I’m high on a plane — 35,000 feet high that is, and cozy with my coffee and my book. I wasn’t always this comfortable flying.
My first flight, rosary beads so tight around my hands that my circulation was nearly cut off, a King James in my lap and nothing but a bunch of air between me and the ground, I closed my eyes and promised God a million promises to just let me land safely. The only connection I had with the Earth was my thoughts that seemed to engage the core even as I sped high above the plains.
From that take-off, the pertinence of movement was clear to me. My life and that of my family’s travelling with me, depended on the thrust of the plane’s engine. In order to stay in flight, the 747 had to maintain 540 miles per hour — too slow and we would drop right out of the sky.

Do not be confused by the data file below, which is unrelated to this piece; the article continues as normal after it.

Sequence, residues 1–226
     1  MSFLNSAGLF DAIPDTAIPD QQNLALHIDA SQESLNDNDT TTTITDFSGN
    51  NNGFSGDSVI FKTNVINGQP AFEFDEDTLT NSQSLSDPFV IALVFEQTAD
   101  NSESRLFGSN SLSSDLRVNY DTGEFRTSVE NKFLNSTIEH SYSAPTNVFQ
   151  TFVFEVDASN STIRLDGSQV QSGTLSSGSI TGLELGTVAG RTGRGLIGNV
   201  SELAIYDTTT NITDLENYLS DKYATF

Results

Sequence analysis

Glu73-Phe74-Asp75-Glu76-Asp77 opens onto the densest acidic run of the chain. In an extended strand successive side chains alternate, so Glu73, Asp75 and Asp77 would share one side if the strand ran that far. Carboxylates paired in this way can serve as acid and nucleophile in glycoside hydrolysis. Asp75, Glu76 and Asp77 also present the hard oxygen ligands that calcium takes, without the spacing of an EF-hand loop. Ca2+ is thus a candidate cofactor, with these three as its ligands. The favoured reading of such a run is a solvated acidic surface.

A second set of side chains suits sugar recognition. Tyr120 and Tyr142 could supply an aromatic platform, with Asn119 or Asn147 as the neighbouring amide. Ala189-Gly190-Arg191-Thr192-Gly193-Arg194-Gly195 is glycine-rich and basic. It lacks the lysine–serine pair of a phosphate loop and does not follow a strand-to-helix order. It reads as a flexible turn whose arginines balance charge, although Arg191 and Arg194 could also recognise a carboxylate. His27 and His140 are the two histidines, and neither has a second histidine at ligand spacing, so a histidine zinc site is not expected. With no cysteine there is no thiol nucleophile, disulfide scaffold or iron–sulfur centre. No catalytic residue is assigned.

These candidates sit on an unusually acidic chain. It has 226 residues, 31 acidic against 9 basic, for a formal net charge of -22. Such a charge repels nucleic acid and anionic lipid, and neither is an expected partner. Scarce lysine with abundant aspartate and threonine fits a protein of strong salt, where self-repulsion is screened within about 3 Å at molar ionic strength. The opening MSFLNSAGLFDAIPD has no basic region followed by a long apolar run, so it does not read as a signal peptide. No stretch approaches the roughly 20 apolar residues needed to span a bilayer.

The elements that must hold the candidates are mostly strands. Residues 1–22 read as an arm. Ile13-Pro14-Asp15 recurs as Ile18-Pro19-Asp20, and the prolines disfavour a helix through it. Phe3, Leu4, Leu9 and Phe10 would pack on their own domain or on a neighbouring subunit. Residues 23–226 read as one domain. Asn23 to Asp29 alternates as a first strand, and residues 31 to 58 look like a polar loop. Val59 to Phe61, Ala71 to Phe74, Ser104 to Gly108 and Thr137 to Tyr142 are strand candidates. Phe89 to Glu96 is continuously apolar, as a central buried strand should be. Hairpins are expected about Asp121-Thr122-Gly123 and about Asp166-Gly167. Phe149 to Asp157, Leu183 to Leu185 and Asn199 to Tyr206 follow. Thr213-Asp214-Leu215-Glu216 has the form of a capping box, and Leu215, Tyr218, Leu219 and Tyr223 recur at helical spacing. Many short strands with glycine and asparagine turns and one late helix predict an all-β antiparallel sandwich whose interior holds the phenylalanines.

Although not as casually as I am now, I did drink coffee then too, and that of course meant I had to pee. I remember trying to tinkle that first time as I imagined all the people on all the planes zooming across the skies who were peeing right then too, and thinking when I was on the ground again and looking up at the traffic how amusing the scenario would be.
The principle of movement motivates me to live a fluid life. Even when gravity is anchoring my feet to the ground, my thoughts propel me forward. Sometimes I’m crawling. Sometimes I’m mach 10, but I’m always jetting ahead so I won’t crash.
So, as I witness the dazzling Pacific Ocean passing far beneath my birds-eye view, I sip my Folger’s, knowing that the one whose eye is on the sparrow will be the one determining my final nose-dive.
Michele Zirkle Marcum is a native of Meigs County and an author. Her column appears each Tuesday.